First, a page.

Pvt. Howard A. Binder, who was from Umatilla and enlisted in the U.S. Army in Portland during World War II, is among a group of 13 soldiers who died Oct. 10, 1944, in Ajoncourt, France.
The Defense POW/MIA Accounting Agency and the Army’s Past Conflict Repatriation Branch is seeking family members of Binder and others who were killed and remain missing. Relatives are requested to submit a DNA sample to compare with remains recently recovered in the area where the men went missing.
Information about the incident indicate Company B (60th Engineer Combat Battalion) suffered the loss of 47 men in an explosion of anti-tank mines Oct. 10, 1944, around 11 p.m. near Ajoncourt, France. Intermittent enemy artillery and mortar fire had been falling in the area, but it has never been definitely established whether this or a defective fuse caused the explosion.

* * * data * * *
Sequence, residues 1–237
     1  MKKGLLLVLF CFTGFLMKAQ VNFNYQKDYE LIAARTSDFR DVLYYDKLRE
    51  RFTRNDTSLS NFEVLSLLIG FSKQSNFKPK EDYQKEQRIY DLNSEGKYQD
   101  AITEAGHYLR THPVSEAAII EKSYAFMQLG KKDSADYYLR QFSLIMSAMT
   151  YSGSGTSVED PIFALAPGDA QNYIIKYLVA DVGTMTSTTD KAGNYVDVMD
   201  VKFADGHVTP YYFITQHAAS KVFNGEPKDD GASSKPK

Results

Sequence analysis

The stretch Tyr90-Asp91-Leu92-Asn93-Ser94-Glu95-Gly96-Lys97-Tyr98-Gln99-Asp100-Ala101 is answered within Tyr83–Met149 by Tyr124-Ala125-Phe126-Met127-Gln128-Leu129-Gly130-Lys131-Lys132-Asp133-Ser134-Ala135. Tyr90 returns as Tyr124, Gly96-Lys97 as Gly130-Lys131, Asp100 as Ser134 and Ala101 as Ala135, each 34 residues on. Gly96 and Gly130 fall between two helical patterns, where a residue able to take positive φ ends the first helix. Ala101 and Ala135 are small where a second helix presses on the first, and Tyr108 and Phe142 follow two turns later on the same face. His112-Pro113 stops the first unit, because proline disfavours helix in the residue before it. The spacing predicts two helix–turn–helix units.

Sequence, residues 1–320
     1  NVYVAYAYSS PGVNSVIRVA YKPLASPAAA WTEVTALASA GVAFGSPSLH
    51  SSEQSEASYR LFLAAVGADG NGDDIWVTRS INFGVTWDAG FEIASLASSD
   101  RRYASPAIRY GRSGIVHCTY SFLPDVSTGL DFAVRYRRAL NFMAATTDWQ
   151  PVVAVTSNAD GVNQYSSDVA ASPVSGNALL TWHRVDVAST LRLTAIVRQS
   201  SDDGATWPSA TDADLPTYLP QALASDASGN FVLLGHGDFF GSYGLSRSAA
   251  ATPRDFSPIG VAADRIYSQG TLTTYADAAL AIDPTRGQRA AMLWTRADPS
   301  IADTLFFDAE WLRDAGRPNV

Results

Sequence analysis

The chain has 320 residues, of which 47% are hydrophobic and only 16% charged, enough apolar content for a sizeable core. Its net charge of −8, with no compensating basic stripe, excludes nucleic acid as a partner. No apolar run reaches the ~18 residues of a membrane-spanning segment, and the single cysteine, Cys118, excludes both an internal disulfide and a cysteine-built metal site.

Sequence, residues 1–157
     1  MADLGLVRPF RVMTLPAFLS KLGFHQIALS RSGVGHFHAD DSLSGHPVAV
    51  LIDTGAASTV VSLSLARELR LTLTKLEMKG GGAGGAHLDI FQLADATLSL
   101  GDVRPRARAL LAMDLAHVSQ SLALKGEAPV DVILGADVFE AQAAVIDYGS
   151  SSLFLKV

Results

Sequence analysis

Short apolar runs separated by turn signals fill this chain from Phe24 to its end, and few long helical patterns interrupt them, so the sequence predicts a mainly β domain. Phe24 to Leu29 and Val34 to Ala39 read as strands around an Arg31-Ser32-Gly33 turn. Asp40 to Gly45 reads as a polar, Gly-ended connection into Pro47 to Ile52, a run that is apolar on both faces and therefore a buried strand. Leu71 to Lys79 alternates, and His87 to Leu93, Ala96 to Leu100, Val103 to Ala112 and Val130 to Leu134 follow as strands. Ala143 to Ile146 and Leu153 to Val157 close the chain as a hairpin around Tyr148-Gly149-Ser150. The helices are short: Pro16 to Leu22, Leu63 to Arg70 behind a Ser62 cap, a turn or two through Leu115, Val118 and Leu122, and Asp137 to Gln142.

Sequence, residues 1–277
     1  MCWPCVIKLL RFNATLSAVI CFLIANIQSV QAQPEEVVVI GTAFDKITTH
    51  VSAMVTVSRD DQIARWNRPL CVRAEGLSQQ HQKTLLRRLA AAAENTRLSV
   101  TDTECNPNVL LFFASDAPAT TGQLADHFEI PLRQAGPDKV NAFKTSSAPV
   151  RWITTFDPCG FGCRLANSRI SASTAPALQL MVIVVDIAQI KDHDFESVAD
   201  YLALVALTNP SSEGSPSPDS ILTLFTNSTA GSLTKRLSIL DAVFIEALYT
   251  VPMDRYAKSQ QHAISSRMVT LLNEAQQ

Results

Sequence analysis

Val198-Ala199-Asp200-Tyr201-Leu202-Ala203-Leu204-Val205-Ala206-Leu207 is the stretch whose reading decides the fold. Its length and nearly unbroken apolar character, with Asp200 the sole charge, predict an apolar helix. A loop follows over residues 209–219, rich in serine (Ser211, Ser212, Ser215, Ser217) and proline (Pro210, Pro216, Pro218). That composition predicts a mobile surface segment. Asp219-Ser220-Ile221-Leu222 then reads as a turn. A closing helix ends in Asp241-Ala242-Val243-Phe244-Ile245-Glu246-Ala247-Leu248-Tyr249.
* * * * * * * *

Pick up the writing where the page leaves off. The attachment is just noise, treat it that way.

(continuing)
In all, 1,500 mines exploded, which resulted in a fiery inferno of exploding mines, small arms ammunition and burning vehicles. The night was very dark and there was a heavy fog, which made rescue work most difficult. Of those killed, 13 are still missing.
For more information, visit www.dpaa.mil. To make arrangements to submit a DNA sample, call 1-800-892-2490.